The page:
Mesilla Valley Public Housing Authority, Las Cruces, NM Low-Rent and Housing Choice Voucher Programs Office of Audit, Region 6 Audit Report Number: 2015-FW-1004 Fort Worth, TX August 17, 2015 To: Floyd R. Duran, Program Center Coordinator, Office of Public Housing, 6BPHO //signed// From: Gerald R. Kirkland, Regional Inspector General for Audit, Fort Worth Region, 6AGA Subject: The Mesilla Valley Public Housing Authority, Las Cruces, NM, Miscalculated Housing Choice Vouchers and Incorrectly Paid Rental Assistance Attached is the U.S. Department of Housing and Urban Development (HUD), Office of Inspector General’s (OIG) final results of our review of the Mesilla Valley Public Housing Authority’s low-rent and Housing Choice Voucher programs. HUD Handbook 2000.06, REV-4, sets specific timeframes for management decisions on recommended corrective actions. For each recommendation without a management decision, please respond and provide status reports in accordance with the HUD Handbook. Please furnish us copies of any correspondence or directives issued because of the audit. The Inspector General Act, Title 5 United States Code, section 8M, requires that OIG post its publicly available reports on the OIG Web site. Accordingly, this report will be posted at http://www.hudoig.gov. If you have any questions or comments about this report, please do not hesitate to call me at (817)-978-9309. Audit Report Number: 2015-FW-1004 Date: August 17, 2015 The Mesilla Valley Public Housing Authority, Las Cruces, NM, Miscalculated Housing Choice Vouchers and Incorrectly Paid Rental Assistance Highlights What We Audited and Why At the request of the U.S. Department of Housing and Urban Development’s (HUD) Office of Public Housing in Albuquerque, NM, we conducted a review of the Mesilla Valley Public Housing Authority. The Office of Public Housing estimated that the Authority could lose nearly $1 million by the end of 2014 because it had leased only 983 of its 1,607 vouchers. Our objectives were to determine the extent, cause, and impact of not leasing all of its vouchers, and whether the Authority implemented its low-rent and Housing Choice Voucher programs in accordance with HUD regulations. What We Found We did not determine the extent, cause, and impact of the Authority not leasing all of its vouchers because HUD’s Office of Public Housing changed the housing assistance payment reserve offset formula, which meant that the Authority would no longer lose nearly $1 million at the end of 2014. The Albuquerque, NM, Office of Public Housing began working with the Authority to lease more vouchers, and the Authority took other actions to resolve the other deficiencies. However, we found deficiencies in 9 of 10 randomly selected program participant files. Each of the files contained one or more deficiencies, including payment calculation errors, incorrect payments, and missing documents to support participant and unit eligibility. These errors occurred because the Authority did not maintain knowledgeable in-house program staff, did not maintain continuity when it switched between contractors and in-house staff to process program files, and did not ensure staff followed the Housing Choice Voucher program policies and procedures. As a result, the Authority overpaid $2,139 in assistance and required participants to overpay $22. Further, it paid $21,426 for participants and units with unsupported eligibility and made an additional $53 in unexplained payments. We found no deficiencies in the Authority’s low-rent program. What We Recommend We recommend that the Authority (1) repay $2,139 for incorrect housing assistance payments, (2) reimburse $22 to a family that was overcharged, (3) support or repay $21,479, and (4) take steps to ensure staff follows procedures when calculating rent and maintain adequate supporting documentation. Table of Contents Background and Objectives ....................................................................................3 Results of Audit ........................................................................................................4 The Authority Incorrectly Calculated and Paid Assistance and Could Not Support Program Participant and Unit Eligibility for Its Housing Choice Voucher Program ............................................................................................................................. 4 Scope and Methodology ...........................................................................................9 Internal Controls ....................................................................................................10 Appendixes ..............................................................................................................11 A. Schedule of Questioned Costs and Funds To Be Put to Better Use ...................... 11 B. Auditee Comments and OIG’s Evaluation .......... Error! Bookmark not defined. 2 Background and Objectives On January 1, 2012, the City of Las Cruces and Dona Ana County had an intergovernmental agreement that established the Mesilla Valley Public Housing Authority. The Authority was previously known as the Housing Authority of the City of Las Cruces. The Authority has a five- member board of commissioners, two of whom are appointed by the mayor of Las Cruces and two of whom are appointed by the Board of County Commissioners. The fifth member of the Authority’s board is a public housing resident. The primary purpose of the Authority is to provide safe, decent, and sanitary housing for low- and moderate-income families in Las Cruces, NM, and Dona Ana County, NM. The Authority owns and manages 253 low-rent public housing units and has authority to issue up to 1,607 housing choice vouchers. The U.S. Department of Housing and Urban Development (HUD) provided operating subsidies, Public Housing Capital Fund program funds, and American Recovery and Reinvestment Act funds to the Authority to manage, maintain, and operate its public housing developments. The Authority disbursed more than $3 million in Housing Choice Voucher program funds in fiscal year 2012, $4.9 million in 2013, and $5.6 million in 2014. The Authority hired a contractor to manage its program from March 2010 through October 2013. In 2013, the Authority decided to bring its program back in-house. Between August 2013 and February 2014, the Authority hired two managers for the program and fired them because they did not meet the executive director’s expectations. When the in-house managers did not work out, the Authority signed a contract with the Eastern Regional Housing Authority to manage the program from February through December 2014 and placed it under the oversight of the public housing program manager. The Eastern Region Housing Authority revised the contract in August 2014 from “managing” to “overseeing” the program for the Authority. The Authority hired Bernalillo County Housing Authority to manage its program in February 2015, but this was after our audit period ended. Our objectives were to determine (1) whether the Authority operated its low-rent and Housing Choice Voucher programs in accordance with HUD regulations; (2) the extent, cause, and impact of not leasing all of its vouchers; and (3) whether the factors that led to the reduction in Housing Choice Voucher program participants impacted its low-rent program. 3 Results of Audit The Authority Incorrectly Calculated and Paid Assistance and Could Not Support Program Participant and Unit Eligibility for Its Housing Choice Voucher Program The Authority had deficiencies in 9 of 10 randomly selected program files. Five of the nine files had calculation and payment errors. One file was missing documentation. The three remaining files had both calculation and payment errors and were missing documentation. These errors occurred because the Authority did not maintain knowledgeable in-house program staff, did not maintain continuity when it switched between contractors and in-house staff to process the program files, and did not ensure staff followed the Housing Choice Voucher program policies and procedures. As a result, for the 10 files reviewed, the Authority overpaid $2,139 in program assistance and required participants to overpay $22. Further, it paid $21,426 for participants and units with unsupported eligibility and made an additional $53 in unexplained payments. Deficiencies in Program Files The Authority’s files contained several types of errors. These errors included incorrect payment standards, incorrect allowance deductions, not implementing payment changes at the appropriate time, unexplained payments, and missing eligibility documents. Table 1 shows the types of errors. Table 2 shows the effect of the errors on assistance payments. Table 1 Types of errors Incorrect Failure to Missing Sample Incorrect payment implement new Unexplained eligibility item allowance standard payments timely payment documentation 2 X X 3 X X 4 X X 5 X X 6 X 7 X X X X 8 X X 9 X X X X 10 X Totals 5 4 4 2 5 4 Table 2 Effect of errors on assistance payments Sample Overpayments Underpayments Unsupported item payments 2 $464 $15,144 3 215 4 $22 5 57 6 7 7 865 2,117 1 8 231 9 300 2,481 2 10 1,737 Totals $2,139 $22 $21,479 Incorrect Payment Standards As shown in table 1, the Authority did not use correct payment standards for 5 of 10 randomly selected program participants. A payment standard is the amount generally needed to rent a moderately priced dwelling unit in the local housing market, which is used to calculate the amount of housing assistance a family will receive. The payment standard for the family is the lower of the payment standard amount for the family unit size or the size of the dwelling unit rented by the family. In sample 2, for example, the Authority failed to use appropriate payment standards during recertification of a two-bedroom unit. In July 2012, the Authority correctly calculated the family’s move-in payment standard of $622 and paid it correctly. However, it incorrectly calculated the payment standard when it recertified the family in 2013, resulting in overpayments. The Authority increased a payment standard before it should have. An approved payment standard increase from $622 to $696 was effective January 2013. It later decreased back to $622, effective May 2013. According to 24 CFR (Code of Federal Regulations) 982.505(c)(4), when there is an increase in the payment standard amount during the housing assistance payment contract term, the increased payment standard amount must be used to calculate the monthly housing assistance payment for the family beginning at the effective date of the family’s first regular reexamination on or after the effective date of the increase. Rather than using the $622 1 $45 unexplained payment + $2,072 payments based on missing documentation = $2,117 unsupported payments 2 $8 unexplained payment + $2,473 payments based on missing documentation = $2,481 unsupported payments 5 payment standard, the Authority used the $696 payment standard. As a result, in July 2013 it paid $531 in housing assistance rather than the appropriate amount of $493, an overpayment of $38. One month later, the family composition changed from three to four family members, which resulted in a new notice of rent amount. The Authority continued to use the incorrect $696 (two- bedroom unit) payment standard for recertification, which caused it to overpay a total of $418 for the period August 2013 through June 2014. Following the family’s July 2014 recertification, the Authority overpaid $2 monthly, a total of $8 from July through October 2014. In total, the Authority overpaid $464 in housing assistance for the family. The overpayments were an ineligible cost that the Authority should reimburse to its program. Incorrect Allowance Deductions As shown in table 1, the Authority did not use the correct utility allowance deductions for 4 of 10 families reviewed. A utility allowance is the amount that a housing agency determines is necessary to subsidize the resident’s reasonable utility costs. The utility allowance schedule must be determined based on the typical cost of utilities and services paid by energy- conservative households that occupy housing of similar sizes and type in the same locality. The Authority must maintain a utility allowance schedule for all tenant-paid utilities, the cost of tenant-supplied refrigerators and ranges, and other tenant-paid housing services. For example, in sample 5, the Authority failed to use the appropriate utility allowance deductions to calculate payments. In April 2013, the family’s utility allowance calculation for a two-bedroom unit with appliances for heating, cooking, air conditioning, water heater, and other electrical services was $118; however, the Authority entered $122 as the utility allowance. The error caused the Authority to overpay $4 per month for rental assistance, or a total of $48 for the period April 2013 through March 2014. The overpayments were an ineligible cost that the Authority should reimburse to its program. Failure To Implement New Payments on Time As shown in table 1, the Authority did not implement new payments at the appropriate time for 4 of the 10 families. The Authority should have paid the landlords the lesser of the monthly housing assistance or the actual rent for the unit. In sample 3, for example, the Authority mailed a notice of rent adjustment letter on July 15, 2013, notifying the family that effective September 1, 2013, the housing assistance payments to the landlord would change from $396 to $349. However, on September 3, 2013, the Authority paid the landlord $396. Because the Authority did not implement the new payment, effective September 1, 2013, it overpaid $47 for September 2013. The overpayments were an ineligible cost that the Authority should reimburse to its program. Unexplained Payments The Authority made unexplained payments for 2 of 10 sampled families. For example, in sample 7, the Authority correctly paid the landlord $138 on January 3, 2013. On the same day, the Authority made an adjustment payment to the landlord for $45 for the same family and unit. The February 1, 2013, payment to the landlord was again $138. The Authority was unable to 6 provide supporting documentation or a reasonable justification for the $45 payment. The Authority made another unexplained payment of $8 for sample 9 on September 4, 2012. These payments were unsupported costs. The Authority should provide evidence that they were appropriate or reimburse the $53 3 to its Housing Choice Voucher program. Missing Documentation Initially, 9 of the 10 sampled paper files were missing a total of 36 necessary documents. During the audit, the Authority located many of the missing documents in its management contractor’s online system and in the Eastern Regional Housing Authority’s computer system. The Authority located all but five documents from five different files. The missing documents included an inspection report (one instance), results of a criminal background check (one instance), a form HUD-50058 (one instance), and income verification (two instances). The inspection report, income verification documents, and criminal background check are critical documents supporting the participants’ and units’ eligibility for assistance. Since the Authority did not have documentation supporting unit and tenant eligibility, it paid $21,426 on behalf of the participants, which was unsupported and should be repaid to its program if the Authority cannot provide additional documentation. The missing form HUD- 50058 is an important document in that it shows how the Authority calculated the family’s assistance. Failure To Fully Lease Vouchers We did not determine why the Authority failed to fully lease its vouchers. According to the Albuquerque, NM, Office of Public Housing, this issue had been resolved with the replacement of the former executive director and contractor and because the Office of Public Housing had changed its housing assistance payment reserve offset, which resulted in the Authority’s not losing funding. Steps Taken To Improve Deficiencies In response to the review, the Authority began taking corrective action. It hired a new executive director and a new contractor to manage and administer its program and train its staff. The new executive director acknowledged the Authority’s longstanding difficulty in maintaining knowledgeable staff to effectively administer its program and stated that it would implement corrective actions. Further, after we notified the outgoing executive director about the missing documents, she stated that the Authority had notified its staff to put all appropriate documentation into the participants’ files. She further stated that the current contractor had begun a quality control review of the files in February 2015, to include ensuring that files were complete and accurate. Conclusion The Authority had deficiencies in 9 of 10 randomly tested program files. The deficiencies included payment calculation errors, incorrect payments, and missing documents to support 3 $45 + $8 = $53 7 program participant and unit eligibility. We found no deficiencies in the Authority’s low-rent program. We did not determine why the Authority failed to fully lease its vouchers because HUD’s Office of Public Housing changed its offset formula, meaning that the Authority would no longer lose its funding. Recommendations We recommend that HUD require the Authority to 1A. Repay its Housing Choice Voucher program $2,139 in incorrect housing assistance. Payment must be from non-Federal funds. 1B. Reimburse $22 to the family that was overcharged. Reimbursement should be from the Authority’s reserves. 1C. Provide support for or reimburse the $21,426 in unsupported payments to its program. Payment must be from non-Federal funds. 1D. Provide support or repay its program $53 for the unexplained payments. Payment must be from non-Federal funds. 1E. Take steps to ensure staff follows policy and procedures when calculating rent and maintain adequate supporting documentation. 8 Scope and Methodology We conducted our review at the Authority’s office in Las Cruces, NM, and the HUD and Office of Inspector General (OIG) offices in Albuquerque, NM, from November 2014 through April 2015. The review covered the period July 1, 2012, through October 31, 2014. To meet the objectives, we • Obtained and reviewed background information and criteria related to the Authority’s administration of its Housing Choice Voucher and low-rent programs; • Obtained and evaluated the Authority’s written policies and procedures for determining and processing program payments; • Reviewed relevant laws, regulations, and HUD guidance; • Reviewed meeting minutes of the Authority’s board of commissioners; • Reviewed the Authority’s audited financial statements for fiscal years 2013 and 2014; • Reviewed the Authority’s annual plan and 5-year action plan; • Interviewed HUD and Authority management and staff regarding the Authority’s operations; • Reviewed a nonstatistical random sample of 10 Housing Choice Voucher program participant files and 4 public housing program participant files; and • Performed analytical procedures on the Authority’s data related to voucher payments and client eligibility reexaminations. We selected two samples using the random function in Excel. The random function assigned each participating family in the download of Housing Choice Voucher program families a random number between zero and one. We sorted the random numbers and selected the first 10 families. Similarly, we used the random function on the download of public housing tenants, sorted the random numbers, and selected the first four public housing families. We used nonstatistical random samples because we were determining what types of errors might exist and did not plan to project the test results on the population. We did not evaluate the reliability of the data because we used the data for background purposes only. We conducted the audit in accordance with generally accepted government auditing standards. Those standards require that we plan and perform the audit to obtain sufficient, appropriate evidence to provide a reasonable basis for our findings and conclusions based on our audit objective(s). We believe that the evidence obtained provides a reasonable basis for our findings and conclusions based on our audit objectives. 9 Internal Controls Internal control is a process adopted by those charged with governance and management, designed to provide reasonable assurance about the achievement of the organization’s mission, goals, and objectives with regard to • Effectiveness and efficiency of operations, • Reliability of financial reporting, and • Compliance with applicable laws and regulations. Internal controls comprise the plans, policies, methods, and procedures used to meet the organization’s mission, goals, and objectives. Internal controls include the processes and procedures for planning, organizing, directing, and controlling program operations as well as the systems for measuring, reporting, and monitoring program performance. Relevant Internal Controls We determined that the following internal controls were relevant to our audit objectives: • Program operations – Policies and procedures in place to reasonably ensure that the program met its objectives. • Compliance with laws and regulations – Policies and procedures in place to reasonably ensure that resource use was consistent with laws and regulations. We assessed the relevant controls identified above. A deficiency in internal control exists when the design or operation of a control does not allow management or employees, in the normal course of performing their assigned functions, the reasonable opportunity to prevent, detect, or correct (1) impairments to effectiveness or efficiency of operations, (2) misstatements in financial or performance information, or (3) violations of laws and regulations on a timely basis. Significant Deficiency Based on our review, we believe that the following item is a significant deficiency: • The Authority did not ensure staff followed the Housing Choice Voucher program policies and procedures (finding). 10 Appendixes Appendix A Schedule of Questioned Costs and Funds To Be Put to Better Use Recommendation Funds to be put Ineligible 1/ Unsupported 2/ number to better use 3/ 1A $2,139 1B $22 1C $21,426 1D 53 Totals $2,139 $21,479 $22 1/ Ineligible costs are costs charged to a HUD-financed or HUD-insured program or activity that the auditor believes are not allowable by law; contract; or Federal, State, or local policies or regulations. 2/ Unsupported costs are those costs charged to a HUD-financed or HUD-insured program or activity when we cannot determine eligibility at the time of the audit. Unsupported costs require a decision by HUD program officials. This decision, in addition to obtaining supporting documentation, might involve a legal interpretation or clarification of departmental policies and procedures. 3/ Recommendations that funds be put to better use are estimates of amounts that could be used more efficiently if an OIG recommendation is implemented. These amounts include reductions in outlays, deobligation of funds, withdrawal of interest, costs not incurred by implementing recommended improvements, avoidance of unnecessary expenditures noted in preaward reviews, and any other savings that are specifically identified. In this instance, it is the amount the Authority needs to repay to an overcharged family. 11 Appendix B Auditee Comments and OIG’s Evaluation Auditee Comments The Authority’s executive director advised us on July 15, 2015, that the Authority did not have any comments to the draft report. The former executive director submitted the Authority’s response to the finding on March 27, 2015. The Authority agreed with the finding and said it would attempt to resolve the noted issue. We considered the response when writing the final report. 12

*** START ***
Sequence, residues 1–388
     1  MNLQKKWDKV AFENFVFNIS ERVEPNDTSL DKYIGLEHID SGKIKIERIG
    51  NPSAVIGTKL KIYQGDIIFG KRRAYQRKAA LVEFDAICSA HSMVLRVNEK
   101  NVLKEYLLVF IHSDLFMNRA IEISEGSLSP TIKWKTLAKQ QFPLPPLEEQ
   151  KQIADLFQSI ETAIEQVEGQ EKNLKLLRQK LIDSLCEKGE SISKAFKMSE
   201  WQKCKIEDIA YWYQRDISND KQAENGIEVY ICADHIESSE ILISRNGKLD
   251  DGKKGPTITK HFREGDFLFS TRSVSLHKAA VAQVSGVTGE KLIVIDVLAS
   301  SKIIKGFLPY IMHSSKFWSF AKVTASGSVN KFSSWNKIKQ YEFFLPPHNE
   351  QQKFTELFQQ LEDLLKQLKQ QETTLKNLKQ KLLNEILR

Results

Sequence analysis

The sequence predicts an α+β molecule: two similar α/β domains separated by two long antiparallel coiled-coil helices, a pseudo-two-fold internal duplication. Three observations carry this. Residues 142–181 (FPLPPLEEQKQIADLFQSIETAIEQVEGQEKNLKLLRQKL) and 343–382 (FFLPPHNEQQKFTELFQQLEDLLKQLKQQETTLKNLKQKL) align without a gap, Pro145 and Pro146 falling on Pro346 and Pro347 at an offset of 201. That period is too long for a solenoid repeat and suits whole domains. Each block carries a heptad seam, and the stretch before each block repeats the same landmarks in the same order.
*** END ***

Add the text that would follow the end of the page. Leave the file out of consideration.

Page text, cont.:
The Mesilla Valley Public Housing Authority, Las Cruces, NM, Miscalculated Housing Choice Vouchers and Incorrectly Paid Rental Assistance
Published by the Department of Housing and Urban Development, Office of Inspector General on 2015-08-17.
Below is a raw (and likely hideous) rendition of the original report. (PDF)